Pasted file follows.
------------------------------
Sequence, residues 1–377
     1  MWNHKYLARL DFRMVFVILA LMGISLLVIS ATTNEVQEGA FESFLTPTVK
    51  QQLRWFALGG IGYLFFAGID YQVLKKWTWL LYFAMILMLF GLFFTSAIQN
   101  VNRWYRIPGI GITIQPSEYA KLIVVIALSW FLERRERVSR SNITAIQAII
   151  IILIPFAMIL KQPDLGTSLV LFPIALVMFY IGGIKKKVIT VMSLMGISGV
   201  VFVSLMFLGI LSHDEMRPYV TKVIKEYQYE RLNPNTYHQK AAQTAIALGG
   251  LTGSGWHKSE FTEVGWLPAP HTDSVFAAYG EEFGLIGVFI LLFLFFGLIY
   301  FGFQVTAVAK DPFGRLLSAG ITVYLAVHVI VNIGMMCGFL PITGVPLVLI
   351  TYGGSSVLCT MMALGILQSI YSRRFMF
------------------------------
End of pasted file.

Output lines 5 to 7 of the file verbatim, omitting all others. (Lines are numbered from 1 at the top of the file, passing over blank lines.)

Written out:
   151  IILIPFAMIL KQPDLGTSLV LFPIALVMFY IGGIKKKVIT VMSLMGISGV
   201  VFVSLMFLGI LSHDEMRPYV TKVIKEYQYE RLNPNTYHQK AAQTAIALGG
   251  LTGSGWHKSE FTEVGWLPAP HTDSVFAAYG EEFGLIGVFI LLFLFFGLIY